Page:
I am an avid reader of your column on TheGloss and The Grindstone for quite some time now, but never before had I been in direct need of your advice. Here it is: you have mentioned several times in your columns that you are a tutor in a lot of subjects. I have just started tutoring students myself. It’s maybe not really the same situation: I am employed by the teacher of a class that I have taken three years ago, to supervise the exercises part of the course. I have 24 students, engineering freshmen, at once, for one hour twice a week.
I am very anxious to do the best possible performance, as I know that a good tutor can make a tremendous amount of difference in a freshman’s future academic record. Any advice?
Hmmn. In my tutoring, I watch the students do a series of mixed problems so I can diagnose what they don’t know. Then – and I don’t know whether this is really possible in your field – I take the thing they don’t know and write problems about it on the spot. I mean, the first 5 years I was tutoring, I didn’t have the ability to do this for every single question type, but now, it’s very easy for me to generate a clever problem with an exponential expression on top of another exponential expression, and everything magically turns out to be an integer even though it didn’t look like it was going to be. Or sometimes, I’ll just take the same problem the student just struggled with, change the numbers, and make the student do it again.
Often in tutoring, a student says, “I had trouble with this problem,” and you show the student how to do the problem, and then you’re both pretty satisfied, even though neither of you should be. The student is never going to see that particular problem again. The student needs to know what to take away from that problem, what elements she is likely to see again, and how they might be remixed in future problems. Generating unique, similar problems helps create “transfer,” the ability to apply skills gained from this task to different, future tasks.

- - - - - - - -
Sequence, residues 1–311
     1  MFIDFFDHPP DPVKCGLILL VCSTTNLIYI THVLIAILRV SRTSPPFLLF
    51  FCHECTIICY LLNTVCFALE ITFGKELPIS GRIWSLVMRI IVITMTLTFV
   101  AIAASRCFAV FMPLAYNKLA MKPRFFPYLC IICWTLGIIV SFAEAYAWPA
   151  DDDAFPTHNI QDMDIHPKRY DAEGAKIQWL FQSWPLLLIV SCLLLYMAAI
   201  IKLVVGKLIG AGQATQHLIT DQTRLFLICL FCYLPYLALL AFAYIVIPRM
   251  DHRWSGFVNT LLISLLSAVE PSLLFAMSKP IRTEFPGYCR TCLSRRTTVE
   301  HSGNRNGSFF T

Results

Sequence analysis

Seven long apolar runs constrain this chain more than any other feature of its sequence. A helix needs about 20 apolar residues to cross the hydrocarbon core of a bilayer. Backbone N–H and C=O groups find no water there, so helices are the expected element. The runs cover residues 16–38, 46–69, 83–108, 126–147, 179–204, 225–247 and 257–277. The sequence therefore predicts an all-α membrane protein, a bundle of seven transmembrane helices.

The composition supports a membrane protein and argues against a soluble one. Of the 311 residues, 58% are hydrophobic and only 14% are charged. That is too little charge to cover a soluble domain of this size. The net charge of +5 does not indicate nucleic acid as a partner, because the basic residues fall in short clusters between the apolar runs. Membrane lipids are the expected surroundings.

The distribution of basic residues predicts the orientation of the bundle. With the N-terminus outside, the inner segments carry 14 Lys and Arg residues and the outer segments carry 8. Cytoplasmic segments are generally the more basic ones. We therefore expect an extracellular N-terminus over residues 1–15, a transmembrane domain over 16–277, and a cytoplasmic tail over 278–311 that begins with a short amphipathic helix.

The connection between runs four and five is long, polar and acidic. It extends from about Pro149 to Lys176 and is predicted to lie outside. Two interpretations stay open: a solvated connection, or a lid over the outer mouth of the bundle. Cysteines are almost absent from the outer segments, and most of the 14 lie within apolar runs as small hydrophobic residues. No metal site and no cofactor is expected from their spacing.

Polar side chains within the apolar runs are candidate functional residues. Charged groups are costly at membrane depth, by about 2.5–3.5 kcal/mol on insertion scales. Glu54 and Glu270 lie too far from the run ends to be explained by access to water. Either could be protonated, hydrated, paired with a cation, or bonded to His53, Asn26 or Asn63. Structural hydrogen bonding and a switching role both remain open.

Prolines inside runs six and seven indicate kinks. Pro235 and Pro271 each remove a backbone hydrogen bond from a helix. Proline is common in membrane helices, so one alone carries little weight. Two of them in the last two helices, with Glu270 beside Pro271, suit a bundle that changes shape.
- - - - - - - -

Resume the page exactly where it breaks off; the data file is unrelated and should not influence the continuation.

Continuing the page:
I also keep a stack of index cards on the desk, which I use to make flashcards on the spot. Sometimes the whole problem we just did ends up on the card, but, if possible, I limit what’s on the card to the part that tripped the student up. So there might be a card that just says “Factor x3 – 4x2 + 4x = 0 to get three solutions.”
Sometimes it’s good to let a student “drive.” Advanced students with a lot of questions often know exactly what they want from you. But sometimes, students who come equipped with a list of questions really over-focus on things that aren’t that important. In such cases, I say, “We can work on that, but it’s a pretty obscure issue you’re not likely to see on the real test. How about we make sure you can deal with X, Y, and Z, which are much more important, and we’ll discuss this at the end.”
One more thing – I had been tutoring for years without ever having been tutored myself. When I finally needed someone to help me with something, it was horrible! My very smart colleague made me feel really dumb. I realized just how much of helping people is about their feelings, even if most students definitely do not want to talk directly about these feelings. (Seriously – every student in your class was once told by a teacher that he wasn’t good at something, and he feels secretly afraid of being found out or questioned about it, even if this was in kindergarten.)
So, practically, this means that if someone did 20 problems and missed 6, I don’t just jump into the first one she got wrong in order to “save time.” I sometimes put great big checkmarks on the correct ones (and I circle the wrong ones with little itsy-bitsy helpful circles) to acknowledge the good work. And then I find something to compliment – even though the student missed the easy #3, “#19 was hard! I see what you did there – very clever solution.” People want validation from you in addition to help.